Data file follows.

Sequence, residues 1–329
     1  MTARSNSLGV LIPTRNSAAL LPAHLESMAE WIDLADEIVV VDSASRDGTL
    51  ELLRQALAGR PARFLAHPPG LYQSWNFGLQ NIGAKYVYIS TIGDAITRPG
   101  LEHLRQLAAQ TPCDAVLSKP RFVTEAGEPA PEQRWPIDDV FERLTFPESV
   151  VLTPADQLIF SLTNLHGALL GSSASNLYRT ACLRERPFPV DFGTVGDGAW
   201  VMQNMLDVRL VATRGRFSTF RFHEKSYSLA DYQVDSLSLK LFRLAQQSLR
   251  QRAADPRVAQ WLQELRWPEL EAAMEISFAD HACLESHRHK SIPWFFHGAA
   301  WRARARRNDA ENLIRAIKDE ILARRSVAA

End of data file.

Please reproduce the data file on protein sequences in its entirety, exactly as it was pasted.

Sequence, residues 1–329
     1  MTARSNSLGV LIPTRNSAAL LPAHLESMAE WIDLADEIVV VDSASRDGTL
    51  ELLRQALAGR PARFLAHPPG LYQSWNFGLQ NIGAKYVYIS TIGDAITRPG
   101  LEHLRQLAAQ TPCDAVLSKP RFVTEAGEPA PEQRWPIDDV FERLTFPESV
   151  VLTPADQLIF SLTNLHGALL GSSASNLYRT ACLRERPFPV DFGTVGDGAW
   201  VMQNMLDVRL VATRGRFSTF RFHEKSYSLA DYQVDSLSLK LFRLAQQSLR
   251  QRAADPRVAQ WLQELRWPEL EAAMEISFAD HACLESHRHK SIPWFFHGAA
   301  WRARARRNDA ENLIRAIKDE ILARRSVAA